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Coronavirus: latest developments worldwide

AFP – The OECD warns of a severe hit to growth. The European Union raises the risk level to “moderate to high”. Tourism is heavily disrupted.

Here are the latest developments in the coronavirus crisis.

– World spread –

The World Health Organization (WHO) says that in the last 24 hours there were almost nine times more COVID-19 cases reported outside China than inside the country where the new virus first appeared last December.

To date, 3,079 people have died from the new virus, while 90,160 have been infected in 73 countries and territories around the world, according to AFP’s latest toll based on official sources at 1700 GMT Monday.

Mainland China, excluding the semi-autonomous territories of Hong Kong and Macao, has 80,026 cases, including 2,912 deaths. Elsewhere in the world, 10,134 cases have been recorded and 166 deaths.

South Korea remains the hardest-hit country after mainland China, with 4,335 cases and 26 deaths, followed by Italy (2,036 cases and 52 deaths), Iran (1,501 cases and 66 deaths) and Japan (254 cases, 12 deaths). More than 700 cases have by now been registered on the Diamond Princess cruise ship anchored in Japan.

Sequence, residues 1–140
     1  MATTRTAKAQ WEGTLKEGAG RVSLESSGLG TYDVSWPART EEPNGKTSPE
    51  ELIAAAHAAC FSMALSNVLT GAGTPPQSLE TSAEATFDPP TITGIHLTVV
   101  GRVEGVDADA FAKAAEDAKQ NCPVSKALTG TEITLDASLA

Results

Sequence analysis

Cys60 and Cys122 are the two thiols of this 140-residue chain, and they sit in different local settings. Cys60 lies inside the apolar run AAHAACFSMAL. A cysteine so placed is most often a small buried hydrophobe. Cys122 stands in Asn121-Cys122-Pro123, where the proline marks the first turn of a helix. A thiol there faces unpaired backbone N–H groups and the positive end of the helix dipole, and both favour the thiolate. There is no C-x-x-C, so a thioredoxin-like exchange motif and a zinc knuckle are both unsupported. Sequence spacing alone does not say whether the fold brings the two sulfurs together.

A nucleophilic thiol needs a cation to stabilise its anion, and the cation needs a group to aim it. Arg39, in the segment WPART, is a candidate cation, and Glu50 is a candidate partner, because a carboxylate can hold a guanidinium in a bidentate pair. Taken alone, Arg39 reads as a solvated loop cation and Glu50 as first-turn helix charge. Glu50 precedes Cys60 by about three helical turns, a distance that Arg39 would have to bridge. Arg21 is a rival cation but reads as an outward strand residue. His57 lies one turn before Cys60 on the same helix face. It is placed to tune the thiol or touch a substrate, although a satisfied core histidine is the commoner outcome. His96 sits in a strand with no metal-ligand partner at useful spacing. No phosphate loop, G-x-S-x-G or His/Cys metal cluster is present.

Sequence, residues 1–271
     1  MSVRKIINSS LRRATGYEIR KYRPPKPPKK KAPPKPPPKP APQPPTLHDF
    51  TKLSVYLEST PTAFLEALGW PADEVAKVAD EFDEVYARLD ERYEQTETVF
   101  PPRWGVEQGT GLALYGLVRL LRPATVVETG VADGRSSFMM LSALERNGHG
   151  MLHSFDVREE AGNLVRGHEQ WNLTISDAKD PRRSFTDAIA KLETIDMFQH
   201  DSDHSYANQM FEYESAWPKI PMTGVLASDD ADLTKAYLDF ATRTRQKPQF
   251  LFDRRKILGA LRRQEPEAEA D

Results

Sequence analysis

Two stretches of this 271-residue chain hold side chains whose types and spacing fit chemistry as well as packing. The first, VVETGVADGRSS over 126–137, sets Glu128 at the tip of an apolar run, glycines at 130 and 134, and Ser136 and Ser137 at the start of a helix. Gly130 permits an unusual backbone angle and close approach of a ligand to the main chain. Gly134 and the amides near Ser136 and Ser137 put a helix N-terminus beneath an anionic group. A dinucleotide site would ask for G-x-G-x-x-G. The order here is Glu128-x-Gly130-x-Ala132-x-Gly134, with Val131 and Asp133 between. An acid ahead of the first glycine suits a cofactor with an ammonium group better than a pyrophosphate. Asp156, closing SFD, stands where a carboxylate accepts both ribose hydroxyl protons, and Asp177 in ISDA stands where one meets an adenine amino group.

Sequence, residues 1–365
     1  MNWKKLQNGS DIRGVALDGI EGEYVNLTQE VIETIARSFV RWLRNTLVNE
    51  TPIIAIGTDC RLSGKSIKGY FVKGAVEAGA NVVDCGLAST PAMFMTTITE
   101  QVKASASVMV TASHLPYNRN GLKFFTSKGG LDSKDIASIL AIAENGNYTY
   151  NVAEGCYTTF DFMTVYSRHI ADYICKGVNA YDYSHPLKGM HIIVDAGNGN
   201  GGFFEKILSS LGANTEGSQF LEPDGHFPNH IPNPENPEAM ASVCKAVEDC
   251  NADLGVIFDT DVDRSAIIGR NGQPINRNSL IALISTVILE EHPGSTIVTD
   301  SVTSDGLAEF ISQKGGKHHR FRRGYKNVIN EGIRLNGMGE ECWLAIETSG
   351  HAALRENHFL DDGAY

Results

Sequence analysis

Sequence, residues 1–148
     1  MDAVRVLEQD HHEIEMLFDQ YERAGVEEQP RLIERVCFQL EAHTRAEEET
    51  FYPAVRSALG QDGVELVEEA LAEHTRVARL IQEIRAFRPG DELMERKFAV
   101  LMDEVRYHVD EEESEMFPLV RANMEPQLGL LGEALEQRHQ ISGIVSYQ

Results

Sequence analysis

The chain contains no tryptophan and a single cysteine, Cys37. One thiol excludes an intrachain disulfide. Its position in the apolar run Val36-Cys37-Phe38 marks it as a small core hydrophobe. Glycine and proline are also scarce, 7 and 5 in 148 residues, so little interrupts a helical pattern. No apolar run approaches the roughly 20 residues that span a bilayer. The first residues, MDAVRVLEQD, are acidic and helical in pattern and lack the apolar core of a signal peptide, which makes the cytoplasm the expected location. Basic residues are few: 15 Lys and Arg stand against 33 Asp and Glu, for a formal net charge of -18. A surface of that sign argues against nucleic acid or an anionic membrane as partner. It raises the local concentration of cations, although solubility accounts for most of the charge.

In Germany the number of infected people has almost doubled over the weekend, reaching 157.

France, another coronavirus hotspot in Europe, has registered some 130 people infected since late January, three of whom have died.

The 27-nation EU raised the coronavirus risk to “moderate to high”.





Andorra, the Czech Republic, Indonesia, Portugal and Senegal confirmed their first cases.

– OECD lowers growth forecasts –

The OECD lowers its global growth forecast for 2020 by half a percentage point to 2.4 percent, the worst performance since the 2008 crisis.

In China, annual economic growth is expected to reach just 4.9 percent, a 0.8 point drop from the OECD’s original growth forecasts announced last November.

EU Commissioner Thierry Breton says the EU’s tourism sector has lost around a billion euros per month since January and warns of a risk of recession in Germany and Italy.

In the Chinese enclave of Macao, casinos announce a fall in gaming revenue of nearly 88 percent in February.

– Global measures –

In South Korea, subject to travel restrictions by more than 70 countries, dozens of major events are cancelled.

Hong Kong postpones its Vinexpo trade fair from May to July.

A second person dies in the northwestern US state of Washington and President Donald Trump faces criticism over his administration’s preparedness.

In France gatherings of 5,000 people or more are banned. The Salon du Livre in March is cancelled.

The Louvre in Paris, the world’s most visited museum, is closed for a second day running after staff again refuse to work.

In Israel, where legislative elections are taking place, special polling stations are set up for more than 5,000 Israelis under quarantine.

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